ABSTRACT: A stable supply of viable eggs and embryos is crucial for successful farming of Atlantic cod. Stress during broodstock rearing can have negative effects on offspring, but little is known about the molecular mechanisms that cause abnormal development. Maternally transferred mRNAs have been shown to be essential for normal development, and stress may therefore influence their expression and the subsequent embryonic development. We investigated if mimicked stress in cod females affects mRNA concentrations in eggs/embryos, and if this can be linked to viability of embryos. Three weeks before peak spawning, 20 fish were intraperitoneally implanted with either cortisol-containing or cortisol-free (sham) osmotic pumps. At peak spawning all individuals were stripped and eggs were fertilized and incubated until hatching. Samples were collected from unfertilized eggs and embryos for analysis of gene expression (microarray), viability, steroids and vitellogenin. Plasma concentration of cortisol (ng/ml) in treated females was significantly higher at spawning (127.1±20.9) than that of sham control (11.3±6.7). This difference was also reflected in eggs and embryos. Percent fertilization, asymmetric cell division and hatching were not affected. However, numerous genes were differentially expressed in eggs and embryos in response to elevated cortisol, especially in maternal (oocyte and blastula) stages. Among these differentially expressed genes, some were found to be linked to cytogenesis (stxbp6, fbxw2, capn12, thbs4, sytl2, coro1c, sel1l3), induction of mesodermal fate (fgfrl1) and import of the glucocorticoid receptor to the cell nucleus (ipo7). Gene ontology overrepresentation analysis on the whole set of differentially expressed genes at maternal stages (539 genes) revealed enriched activity in membrane associated regions, which largely corresponds to cytogenesis related processes. These results suggest that despite no visible phenotypic effects in early embryos, broodstock stress affects the egg/embryonic transcriptome, especially in relation to cytogenesis. Furthermore, effects related to egg/embryo phenotypes are difficult to measure at early stages of development, and instead might become apparent at later life stages.General and Comparative Endocrinology 05/2013; · 2.82 Impact Factor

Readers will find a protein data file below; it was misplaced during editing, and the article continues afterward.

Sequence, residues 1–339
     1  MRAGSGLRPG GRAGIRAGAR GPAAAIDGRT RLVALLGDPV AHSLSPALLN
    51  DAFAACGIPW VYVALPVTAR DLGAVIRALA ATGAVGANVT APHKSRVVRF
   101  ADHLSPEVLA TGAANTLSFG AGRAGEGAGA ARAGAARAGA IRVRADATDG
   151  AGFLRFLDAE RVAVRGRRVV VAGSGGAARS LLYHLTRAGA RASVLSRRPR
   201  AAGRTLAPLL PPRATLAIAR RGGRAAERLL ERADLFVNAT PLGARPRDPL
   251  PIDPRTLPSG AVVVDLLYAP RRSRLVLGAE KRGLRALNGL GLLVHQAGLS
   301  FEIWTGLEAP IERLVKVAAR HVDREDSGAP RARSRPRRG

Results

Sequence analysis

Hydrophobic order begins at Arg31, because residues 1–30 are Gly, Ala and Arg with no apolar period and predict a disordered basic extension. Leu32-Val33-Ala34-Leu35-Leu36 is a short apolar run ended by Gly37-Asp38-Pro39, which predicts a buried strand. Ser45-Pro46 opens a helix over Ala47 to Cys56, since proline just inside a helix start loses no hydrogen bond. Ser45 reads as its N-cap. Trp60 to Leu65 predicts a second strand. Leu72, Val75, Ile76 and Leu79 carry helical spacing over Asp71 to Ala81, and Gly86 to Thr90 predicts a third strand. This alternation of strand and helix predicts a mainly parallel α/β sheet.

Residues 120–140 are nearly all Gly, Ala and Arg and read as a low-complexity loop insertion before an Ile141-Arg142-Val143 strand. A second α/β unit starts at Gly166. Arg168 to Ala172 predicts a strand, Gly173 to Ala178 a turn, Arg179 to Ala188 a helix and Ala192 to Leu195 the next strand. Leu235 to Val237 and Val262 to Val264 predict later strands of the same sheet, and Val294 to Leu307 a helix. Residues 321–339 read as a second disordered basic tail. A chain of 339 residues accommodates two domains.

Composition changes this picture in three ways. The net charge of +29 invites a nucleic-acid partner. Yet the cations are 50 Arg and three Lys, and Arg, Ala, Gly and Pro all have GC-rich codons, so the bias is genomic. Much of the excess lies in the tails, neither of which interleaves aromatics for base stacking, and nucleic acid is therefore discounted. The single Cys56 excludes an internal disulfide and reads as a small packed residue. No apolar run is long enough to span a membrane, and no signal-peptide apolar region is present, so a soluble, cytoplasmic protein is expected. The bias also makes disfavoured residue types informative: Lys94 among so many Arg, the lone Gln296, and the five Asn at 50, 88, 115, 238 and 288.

- [Show abstract] [Hide abstract]
ABSTRACT: The molecular mechanisms underlying oogenesis and maternally controlled embryogenesis in fish are not fully understood, especially in marine species. Our aim was to study the egg and embryo transcriptome during oogenesis and early embryogenesis in Atlantic cod. Follicles from oogenesis stages (pre-, early-, and late-vitellogenic), ovulated eggs, and two embryonic stages (blastula, gastrula) were collected from broodstock fish and fertilized eggs. Gene expression profiles were measured in a 44K oligo microarray consisting of 23,000 cod genes. Hundreds of differentially expressed genes (DEGs) were identified in the follicle stages investigated, implicating a continuous accumulation and degradation of polyadenylated transcripts throughout oogenesis. Very few DEGs were identified from ovulated egg to blastula, showing a more stable maternal RNA pool in early embryonic stages. The highest induction of expression was observed between blastula and gastrula, signifying the onset of zygotic transcription. During early vitellogenesis, several of the most upregulated genes are linked to nervous system signaling, suggesting increasing requirements for ovarian synaptic signaling to stimulate the rapid growth of oocytes. Highly upregulated genes during late vitellogenesis are linked to protein processing, fat metabolism, osmoregulation, and arrested meiosis. One of the genes with the highest upregulation in the ovulated egg is involved in oxidative phosphorylation, reflecting increased energy requirements during fertilization and the first rapid cell divisions of early embryogenesis. In conclusion, this study provides a large-scale presentation of the Atlantic cod's maternally controlled transcriptome in ovarian follicles through oogenesis, ovulated eggs, and early embryos. Mol. Reprod. Dev. © 2014 Wiley Periodicals, Inc.Molecular Reproduction and Development 03/2014; · 2.81 Impact Factor